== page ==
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SoftBlock Carving

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SOFTBLOCK   CARVING 101     Tutorial: The Basics of Soft-Block Carving.

 Kanji Stamp

Making your own stamps is great fun! Even complete beginners can carve relatively intricate designs using basic equipment. Draw a picture by hand, or trace it, then transfer to a rubber block for carving.  The carving can be a simple icon or initials, or a monogram - your personal Chop. Simple and fun, so many uses!

  We recommend starting with a simple small design in order to get a feel for carving into rubber and other surfaces before moving on to more complex or larger pieces.The V-tip gauge is good for line definition and details. The U-tip gauge is best for cleaning out large areas.  These tips will fit into the standard carving tool handle, or you may use a quill

Class Supplies
available here

~ The BASICS ~ Briefly ~ Sorta-Kinda briefly .~

Step 1. Transfer the Design  
You will need:       *Tape  *Soft pencil   *Hard pencil  *Tracing papeR   *Carving Block            optional ~  Ball-point pen
With a soft dark pencil, trace or draw your design on lightweight paper to fit the size of your carving rubber. Place the design, pencil side down against the plate. With a hard pencil, trace the same lines on the back of the design to transfer the soft lead onto the surface. Optional~ just run the pencil in very close lines back and forth vertically then horizontally then diagonally, as if you're taking a rubbing. You're actually giving a rubbing, heh. DO NOT let the paper shift on the rubber meanwhile or your rubbing will blur, wasting all that work. Lift the corner of the paper to see if the transfer is complete and when you are satisfied, move it out of the way. It's helpful at this point to use a ballpoint pen to go over the design and make it very clear. You may fill in the areas that will be cut away, or fill in the areas that will remain. Don't get your wires crossed - pick one or t'other and stick with it.  My recommendation is to fill in the areas that will be cut away.  The printed image is going to be whatever is left.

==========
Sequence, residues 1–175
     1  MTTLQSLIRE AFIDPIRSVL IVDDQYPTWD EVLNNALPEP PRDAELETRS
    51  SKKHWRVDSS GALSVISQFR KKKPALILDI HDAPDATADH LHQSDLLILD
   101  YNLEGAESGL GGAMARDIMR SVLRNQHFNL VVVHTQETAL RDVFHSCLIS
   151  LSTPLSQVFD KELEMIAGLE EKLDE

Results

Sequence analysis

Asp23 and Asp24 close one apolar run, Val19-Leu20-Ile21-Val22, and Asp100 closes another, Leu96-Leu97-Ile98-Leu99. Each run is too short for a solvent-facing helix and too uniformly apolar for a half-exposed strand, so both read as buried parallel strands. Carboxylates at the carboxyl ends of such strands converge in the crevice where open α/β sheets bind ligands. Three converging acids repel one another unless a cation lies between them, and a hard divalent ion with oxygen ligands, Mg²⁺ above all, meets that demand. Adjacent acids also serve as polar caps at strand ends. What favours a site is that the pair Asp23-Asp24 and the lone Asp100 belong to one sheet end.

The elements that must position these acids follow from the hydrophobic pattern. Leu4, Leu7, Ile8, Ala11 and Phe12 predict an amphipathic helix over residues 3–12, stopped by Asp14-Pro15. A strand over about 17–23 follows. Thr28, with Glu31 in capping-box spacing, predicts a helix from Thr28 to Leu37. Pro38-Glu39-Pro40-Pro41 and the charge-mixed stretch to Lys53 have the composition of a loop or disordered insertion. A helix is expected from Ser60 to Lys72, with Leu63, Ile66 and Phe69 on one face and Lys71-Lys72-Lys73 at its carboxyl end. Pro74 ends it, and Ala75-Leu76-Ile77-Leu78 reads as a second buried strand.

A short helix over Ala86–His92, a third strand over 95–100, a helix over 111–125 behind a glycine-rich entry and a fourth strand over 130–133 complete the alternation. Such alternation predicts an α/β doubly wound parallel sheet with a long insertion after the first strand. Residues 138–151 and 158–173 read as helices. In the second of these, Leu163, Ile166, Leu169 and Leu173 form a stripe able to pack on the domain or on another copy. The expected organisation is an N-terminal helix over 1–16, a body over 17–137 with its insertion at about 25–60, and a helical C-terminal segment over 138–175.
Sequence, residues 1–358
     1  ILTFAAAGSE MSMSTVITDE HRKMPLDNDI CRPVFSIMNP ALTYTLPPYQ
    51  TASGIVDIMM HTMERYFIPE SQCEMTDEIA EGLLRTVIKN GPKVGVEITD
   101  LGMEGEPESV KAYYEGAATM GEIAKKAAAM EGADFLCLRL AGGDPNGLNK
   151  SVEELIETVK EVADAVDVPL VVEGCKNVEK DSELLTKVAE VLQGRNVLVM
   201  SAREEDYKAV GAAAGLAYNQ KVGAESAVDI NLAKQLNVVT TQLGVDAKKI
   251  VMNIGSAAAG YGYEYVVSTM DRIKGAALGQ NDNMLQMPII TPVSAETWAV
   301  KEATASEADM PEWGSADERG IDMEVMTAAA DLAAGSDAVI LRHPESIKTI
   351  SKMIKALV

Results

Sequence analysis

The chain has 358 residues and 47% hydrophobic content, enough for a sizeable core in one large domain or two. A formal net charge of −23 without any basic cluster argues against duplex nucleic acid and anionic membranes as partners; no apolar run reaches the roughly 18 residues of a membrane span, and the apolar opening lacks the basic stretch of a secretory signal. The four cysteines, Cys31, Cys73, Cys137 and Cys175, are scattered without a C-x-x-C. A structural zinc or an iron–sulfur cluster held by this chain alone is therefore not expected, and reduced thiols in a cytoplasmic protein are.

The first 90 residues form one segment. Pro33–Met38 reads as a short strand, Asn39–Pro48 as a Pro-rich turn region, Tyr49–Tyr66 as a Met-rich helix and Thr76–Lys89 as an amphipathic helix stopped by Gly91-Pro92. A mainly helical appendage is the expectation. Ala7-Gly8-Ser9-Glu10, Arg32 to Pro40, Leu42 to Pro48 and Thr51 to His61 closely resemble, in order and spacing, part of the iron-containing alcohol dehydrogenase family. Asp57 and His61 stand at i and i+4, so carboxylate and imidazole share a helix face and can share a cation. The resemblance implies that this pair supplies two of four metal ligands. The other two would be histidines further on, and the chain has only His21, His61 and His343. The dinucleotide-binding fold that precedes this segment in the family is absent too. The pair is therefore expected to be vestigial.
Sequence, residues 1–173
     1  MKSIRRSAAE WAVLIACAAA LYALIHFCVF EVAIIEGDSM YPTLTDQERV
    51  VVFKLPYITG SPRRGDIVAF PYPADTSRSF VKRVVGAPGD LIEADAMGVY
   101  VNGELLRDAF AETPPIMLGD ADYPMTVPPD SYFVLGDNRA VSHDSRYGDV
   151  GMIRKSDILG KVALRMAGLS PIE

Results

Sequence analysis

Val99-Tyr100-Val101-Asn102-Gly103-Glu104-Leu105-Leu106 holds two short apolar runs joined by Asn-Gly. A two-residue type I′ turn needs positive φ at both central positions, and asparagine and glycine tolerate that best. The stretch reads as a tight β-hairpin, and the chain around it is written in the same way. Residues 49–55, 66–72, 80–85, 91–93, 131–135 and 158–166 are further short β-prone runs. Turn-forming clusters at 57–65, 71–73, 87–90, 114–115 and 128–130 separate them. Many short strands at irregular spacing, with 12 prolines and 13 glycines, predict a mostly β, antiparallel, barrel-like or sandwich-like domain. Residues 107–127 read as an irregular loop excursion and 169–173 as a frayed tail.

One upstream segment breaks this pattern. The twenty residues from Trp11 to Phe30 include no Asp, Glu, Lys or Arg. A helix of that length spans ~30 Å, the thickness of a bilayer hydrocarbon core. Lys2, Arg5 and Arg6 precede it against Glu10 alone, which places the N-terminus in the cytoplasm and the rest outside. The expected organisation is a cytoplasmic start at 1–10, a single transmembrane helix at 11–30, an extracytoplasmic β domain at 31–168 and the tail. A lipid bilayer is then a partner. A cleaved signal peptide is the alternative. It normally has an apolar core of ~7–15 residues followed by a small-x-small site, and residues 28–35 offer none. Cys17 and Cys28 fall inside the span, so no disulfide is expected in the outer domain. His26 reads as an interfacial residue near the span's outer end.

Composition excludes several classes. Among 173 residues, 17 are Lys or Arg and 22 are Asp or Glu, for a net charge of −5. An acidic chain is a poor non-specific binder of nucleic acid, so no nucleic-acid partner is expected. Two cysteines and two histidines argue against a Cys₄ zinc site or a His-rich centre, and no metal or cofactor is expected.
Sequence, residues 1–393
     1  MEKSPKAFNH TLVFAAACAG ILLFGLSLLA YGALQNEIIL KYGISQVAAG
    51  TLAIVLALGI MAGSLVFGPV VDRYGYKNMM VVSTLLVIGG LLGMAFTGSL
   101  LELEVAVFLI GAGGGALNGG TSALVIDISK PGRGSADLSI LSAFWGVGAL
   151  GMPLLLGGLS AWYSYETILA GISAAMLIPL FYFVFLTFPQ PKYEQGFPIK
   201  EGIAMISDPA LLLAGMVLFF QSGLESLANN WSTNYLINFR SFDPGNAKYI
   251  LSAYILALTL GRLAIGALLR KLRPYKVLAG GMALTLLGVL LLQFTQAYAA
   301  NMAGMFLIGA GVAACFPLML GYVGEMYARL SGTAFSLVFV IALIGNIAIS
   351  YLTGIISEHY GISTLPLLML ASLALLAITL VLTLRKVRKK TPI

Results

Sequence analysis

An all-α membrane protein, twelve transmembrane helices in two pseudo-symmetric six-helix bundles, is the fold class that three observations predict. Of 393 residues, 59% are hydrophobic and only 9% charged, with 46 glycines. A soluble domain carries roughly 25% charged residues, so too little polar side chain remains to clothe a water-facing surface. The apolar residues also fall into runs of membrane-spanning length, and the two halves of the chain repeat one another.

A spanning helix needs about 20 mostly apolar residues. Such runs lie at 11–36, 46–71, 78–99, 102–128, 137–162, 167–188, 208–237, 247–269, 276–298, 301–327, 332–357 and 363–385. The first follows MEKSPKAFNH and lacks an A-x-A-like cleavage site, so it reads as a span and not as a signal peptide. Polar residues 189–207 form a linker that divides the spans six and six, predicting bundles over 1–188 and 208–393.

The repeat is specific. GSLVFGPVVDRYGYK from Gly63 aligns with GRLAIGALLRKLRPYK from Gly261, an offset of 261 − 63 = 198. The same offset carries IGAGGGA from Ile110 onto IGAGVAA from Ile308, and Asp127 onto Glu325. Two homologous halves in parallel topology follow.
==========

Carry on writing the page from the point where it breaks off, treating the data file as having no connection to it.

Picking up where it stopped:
Only, like Ginger Rogers dancing with Fred Astaire, it will be doing the same thing only backwards.  (...we are tempted to add, in high heels. But we won't.)  Just pointing out here that your image printed will be the reverse of the image you see on the surface of the rubber. A mirror image.

Step 2.   Cut the image:   
You will need:   * block from step 1, with design drawn   *  Carving tools!
We use a#1 V-gouge plus a broader blade (exacto knife or  #5  U-gouge) for cleaning away backgrounds. Feel free to experiment, though; it's like whittling, and you may already be comfortable with another small sharp tool.
If you are using a knife, slide it at an angle along the OUTSIDE edge of the design line, tilted away. This will create a bevel like a seashore slanted away from the island of your design. If you cut under the image it will be difficult to apply even pressure when stamping and this may cause an imperfect image.  Next, take the knife out a bit from that line, and cut along the same line only at an opposing  angle, creating a v-shaped canyon cut. Continue to clean away material using these angled cut lines until everything that's not your stamp design is gone.